Understanding Poplar HARCA’s need for genuine participation of local residents in the process they led design workshops with the community, producing models and visual descriptions helpful to lay eyes to enable their contribution to design development.
Their leadership showed us what was possible. Our early thoughts about the scheme at initial concept stage are far from where we have ended up, and the scheme is immeasurably richer as a result of their involvement.
Adams & Sutherland’s striking design and innovative materials use, such as the focus on a lightweight cross laminate timber structure and use of the rubber façade, demonstrated a strong understanding of the site complexity, the significant budget constraints and the importance of a building that could influence the tone for the wider regeneration of the area, which is about to undergo seismic change.
There was a real focus on sustainability in the design, both in materials selection, energy efficiencies and planned re-use of existing site materials – for example site demolition products and timber offcuts are being used in neighbouring community environmental sustainability projects and gardens neighbouring the site.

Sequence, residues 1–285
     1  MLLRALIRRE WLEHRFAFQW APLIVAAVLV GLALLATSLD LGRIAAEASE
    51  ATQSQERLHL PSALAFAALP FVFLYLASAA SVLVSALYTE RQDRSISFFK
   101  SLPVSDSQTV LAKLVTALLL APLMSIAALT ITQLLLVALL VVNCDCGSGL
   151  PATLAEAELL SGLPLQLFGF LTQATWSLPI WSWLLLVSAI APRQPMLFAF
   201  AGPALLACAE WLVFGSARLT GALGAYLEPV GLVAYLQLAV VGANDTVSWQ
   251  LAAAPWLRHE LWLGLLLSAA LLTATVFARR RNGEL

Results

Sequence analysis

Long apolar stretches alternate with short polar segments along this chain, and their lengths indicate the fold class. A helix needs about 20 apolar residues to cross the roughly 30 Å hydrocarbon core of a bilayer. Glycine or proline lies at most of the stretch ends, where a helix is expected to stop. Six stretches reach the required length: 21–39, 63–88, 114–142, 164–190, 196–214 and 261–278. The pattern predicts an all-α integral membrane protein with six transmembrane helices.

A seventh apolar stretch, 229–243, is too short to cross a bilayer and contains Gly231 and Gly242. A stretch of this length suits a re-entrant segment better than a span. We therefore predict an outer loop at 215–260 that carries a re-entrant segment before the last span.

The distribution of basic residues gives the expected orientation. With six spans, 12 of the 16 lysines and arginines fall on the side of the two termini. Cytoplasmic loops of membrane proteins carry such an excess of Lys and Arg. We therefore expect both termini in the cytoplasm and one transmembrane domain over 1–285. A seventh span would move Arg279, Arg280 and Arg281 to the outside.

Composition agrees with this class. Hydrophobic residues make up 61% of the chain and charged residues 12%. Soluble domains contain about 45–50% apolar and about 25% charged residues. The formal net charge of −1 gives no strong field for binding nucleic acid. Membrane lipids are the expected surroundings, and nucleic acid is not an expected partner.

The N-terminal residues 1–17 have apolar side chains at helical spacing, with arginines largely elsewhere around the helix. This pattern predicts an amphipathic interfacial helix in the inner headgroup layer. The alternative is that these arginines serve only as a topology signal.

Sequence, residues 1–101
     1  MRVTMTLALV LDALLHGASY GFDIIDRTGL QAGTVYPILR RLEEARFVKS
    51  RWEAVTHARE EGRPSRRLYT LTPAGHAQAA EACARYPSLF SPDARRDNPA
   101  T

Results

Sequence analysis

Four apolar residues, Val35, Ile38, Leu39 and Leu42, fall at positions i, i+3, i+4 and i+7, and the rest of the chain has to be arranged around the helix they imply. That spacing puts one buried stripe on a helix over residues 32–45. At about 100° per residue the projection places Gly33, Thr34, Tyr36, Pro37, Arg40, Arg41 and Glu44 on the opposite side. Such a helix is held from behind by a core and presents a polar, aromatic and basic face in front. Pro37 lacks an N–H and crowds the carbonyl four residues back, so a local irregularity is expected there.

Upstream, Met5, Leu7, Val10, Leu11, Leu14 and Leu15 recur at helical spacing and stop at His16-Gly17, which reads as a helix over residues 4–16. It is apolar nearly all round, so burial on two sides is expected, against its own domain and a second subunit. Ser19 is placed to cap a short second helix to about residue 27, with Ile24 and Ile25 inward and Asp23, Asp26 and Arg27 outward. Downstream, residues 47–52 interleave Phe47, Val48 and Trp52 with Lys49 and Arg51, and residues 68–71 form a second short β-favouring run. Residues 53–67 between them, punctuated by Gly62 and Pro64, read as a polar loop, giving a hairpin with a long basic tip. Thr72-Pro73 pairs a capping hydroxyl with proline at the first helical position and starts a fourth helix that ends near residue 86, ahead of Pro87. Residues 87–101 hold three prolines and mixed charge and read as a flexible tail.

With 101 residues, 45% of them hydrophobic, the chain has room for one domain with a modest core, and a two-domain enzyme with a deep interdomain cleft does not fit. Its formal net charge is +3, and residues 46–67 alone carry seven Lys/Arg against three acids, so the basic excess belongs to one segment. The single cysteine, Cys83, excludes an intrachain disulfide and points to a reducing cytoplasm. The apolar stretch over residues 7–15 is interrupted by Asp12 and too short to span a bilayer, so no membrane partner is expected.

Once the construction contractor, Niblock Building Contractors, was appointed, Adams & Sutherland provided excellent design coordination and worked well with the construction team around buildability to ensure the strong architectural vision for the scheme was fully realised, with a finished product that has exceeded all our expectations.
As well as the larger scale thinking, it’s the small details that as a client we sometimes don’t notice but which round out the excellent design. As an example, it was only until staircases had been constructed that I realised the level of design detail that had gone into this. Our Clerk of Works called the stairs a work of art.
Poplar Works is a striking, bold, warm building which now provides a home for local fashion businesses, LCF students, training for local women in fashion and textiles production and community makers. For Poplar HARCA, the project has been a major success, bringing to life a rundown area, providing enterprise, skills and employment opportunities for the local and wider community, and making a bold statement for the future regeneration of the area. The design is a vital part of setting the tone for the building as it enters its living phase.”